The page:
Head Nodding

Head Nodding

Last Updated on April 9, 2022 by Allison Price

We identified in our last post that some horse behavior we may consider cute could have different connotations when viewed from the perspective of a herd animal. We will be looking at specific behaviors and how you can help.

What not to do

Don’t get mad.

Don’t get even.

Don’t lose your cool.

These are only suggestions. However, it is rare that you need to become aggressive or mad to achieve a desired result. Be calm, purposeful, and consistent.

>**** Please remember that you must take safety precautions when working with horses. Do not hesitate to reevaluate your situation before it escalates. ****

Pawing

Horse Talk Definition: Pawing can be a sign that the horse is anxious or impatient. Horses want to move.

What to do: Allow the horse to walk if the handler is holding him (e.g., in a show setting). You can even use the horse’s energy to learn or perfect something as he walks. You can get the horse to walk away from you while he walks. Is it possible for him to cross his legs (front, back, and both sides) while he’s walking.

Head Nodding

You might not want to walk off in every situation. You can stop the horse from pawing if it is in cross-ties. Simply pick one foot and ask it to move forward/back/forward/back until it stops moving. Give the horse an opportunity to stop. You can go back to the horse if he doesn’t want to stop.

Head Nodding

Horse Speak Definition: Head nodding can also be a sign of tension or excess energy.

What to do: Keep the conversation moving and continue doing the same things as for pawing. You should always aim to get your horse to move away from you, not into you. This will allow you to show leadership to him.

Pushing You Out of the Way

Horse speak Definition: This one could be very dangerous because every time the horse tries to get you to move away, he will grow more confident in his leadership over you. You will notice that the dominant horse is the one who commands the rest of the horses to follow his lead. You may find yourself in a position of being the second citizen in your two-horse herd.

What to do: Be sure to assert yourself as a leader once again. You will need to create a “bubble” of personal space around you that the horse cannot enter. Next, push the horse out of that space with your body language. If he doesn’t respond, you can use the lead rope or bridle to push him away. You must not allow him to get closer than you have decided is safe for him, even if he’s walking alongside you.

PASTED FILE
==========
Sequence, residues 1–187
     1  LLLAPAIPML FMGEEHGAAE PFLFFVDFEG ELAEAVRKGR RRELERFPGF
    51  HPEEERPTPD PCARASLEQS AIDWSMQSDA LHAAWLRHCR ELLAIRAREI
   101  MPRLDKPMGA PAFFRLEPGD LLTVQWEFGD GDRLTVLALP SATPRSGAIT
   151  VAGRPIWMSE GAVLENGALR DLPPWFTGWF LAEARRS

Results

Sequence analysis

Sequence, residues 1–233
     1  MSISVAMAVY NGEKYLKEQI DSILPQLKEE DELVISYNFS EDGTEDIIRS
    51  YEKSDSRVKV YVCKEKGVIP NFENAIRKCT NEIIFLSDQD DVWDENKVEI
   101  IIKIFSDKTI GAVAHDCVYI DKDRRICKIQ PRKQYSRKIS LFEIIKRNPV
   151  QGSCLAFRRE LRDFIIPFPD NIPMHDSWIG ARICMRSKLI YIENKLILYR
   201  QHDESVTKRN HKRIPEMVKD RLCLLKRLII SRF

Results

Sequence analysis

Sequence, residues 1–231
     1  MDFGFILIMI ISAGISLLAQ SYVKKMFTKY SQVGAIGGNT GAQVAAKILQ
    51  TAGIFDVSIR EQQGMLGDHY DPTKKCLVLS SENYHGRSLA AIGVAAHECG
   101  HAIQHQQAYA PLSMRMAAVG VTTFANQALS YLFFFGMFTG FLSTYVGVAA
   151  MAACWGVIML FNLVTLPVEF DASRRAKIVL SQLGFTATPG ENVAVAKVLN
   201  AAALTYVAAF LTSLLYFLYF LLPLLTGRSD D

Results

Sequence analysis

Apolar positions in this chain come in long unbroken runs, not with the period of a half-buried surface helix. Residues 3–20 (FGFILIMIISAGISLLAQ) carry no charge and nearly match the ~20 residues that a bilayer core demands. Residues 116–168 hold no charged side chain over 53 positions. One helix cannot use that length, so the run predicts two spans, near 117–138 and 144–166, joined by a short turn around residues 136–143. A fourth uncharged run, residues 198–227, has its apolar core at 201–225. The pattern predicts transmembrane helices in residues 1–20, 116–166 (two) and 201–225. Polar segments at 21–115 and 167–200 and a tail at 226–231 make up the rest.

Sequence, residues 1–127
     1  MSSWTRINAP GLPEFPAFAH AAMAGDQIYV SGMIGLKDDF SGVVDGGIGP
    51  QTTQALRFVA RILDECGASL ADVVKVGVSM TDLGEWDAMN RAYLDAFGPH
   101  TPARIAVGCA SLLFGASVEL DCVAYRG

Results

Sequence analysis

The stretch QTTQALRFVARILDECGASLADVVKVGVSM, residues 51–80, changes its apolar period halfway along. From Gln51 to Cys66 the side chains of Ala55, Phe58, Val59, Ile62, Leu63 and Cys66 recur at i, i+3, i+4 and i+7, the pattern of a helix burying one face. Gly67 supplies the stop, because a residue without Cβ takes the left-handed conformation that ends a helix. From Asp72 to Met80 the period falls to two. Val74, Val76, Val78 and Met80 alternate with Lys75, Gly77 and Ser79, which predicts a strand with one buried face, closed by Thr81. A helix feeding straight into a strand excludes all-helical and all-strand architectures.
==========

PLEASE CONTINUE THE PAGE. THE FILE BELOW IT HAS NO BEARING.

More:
You can drag you along on the lead

Horse Speak: Horses need to be paid more attention than you. He disregards your communication and goes where he needs.

What to do: This behavior is opposite of the one described above. If your horse is pulling you, stop him and try to assume one position. Next, turn your head so that he faces you. You might be able to push him up once he looks at you. Perhaps you ask him to move sideways from you for a certain number of steps.

If he seems softly willing, you can walk ahead. You can continue to move your feet if he tries to drag you away again. Do not let him take your for a stroll. This behavior is dangerous and can lead to injury.

Play with your hair

Horse Speak Definition: Does your horse reach forward with a lovingly stretched neck and nibbles at your hair or hat? NO!

The dominant horse in a herd is the one who does the nibbling. You can be sure that the message you send to your horse is not cute. He is boss, and you must do his will.

This is what you should do: Don’t let him touch your hair, hat, or any other item. Keep him out of your space and create your own bubble.

Begging to treat

Horse Speak Definition: We get pleasure from doing something for others. Sharing meals and treats with others is something we enjoy – it’s just part of our nature.

Herd dynamics are not consistent with human social norms. If one horse has the upper hand over the other, it is the only way that one horse can give food to the other horse.

You are communicating to your horse that he is the leader of your two-horse herd by giving him a treat. While this might not cause a problem initially, if your horse becomes demanding or pushy over time, it could be due to the constant communication that you have been providing.

What to do: You can choose not to give your horse treats by hand. This rule is something that some people stick to. Hand feeding treats is a must. Do not give the treat to horses that are aggressive. Be consistent and establish clear guidelines. You can always go back to the first option if you are unsure.

Turning your head or stepping on the ground when you touch an area

Horse Speak: A horse that is unhappy is trying to tell you what you need to do.

What to do: First, determine if the horse is experiencing any discomfort. You may need to consult a veterinarian in order to examine the horse and determine if there are any problems.

If the horse is acting aggressively, you can either redirect the energy to get him to move certain feet (pawing, head nodding, etc.) or push the horse away from your space. You should make it clear that the horse can move his feet, and you will assume the leader role in the “herd dynamic”.

The key point to remember in all these examples is that the horse is only communicating with you the way he knows. You have the responsibility to learn “horse talk” and navigate through the social rules of herd dynamics. Understanding the meanings of “horse” behind your actions will help you to understand how to avoid unwanted behavior and what to do.

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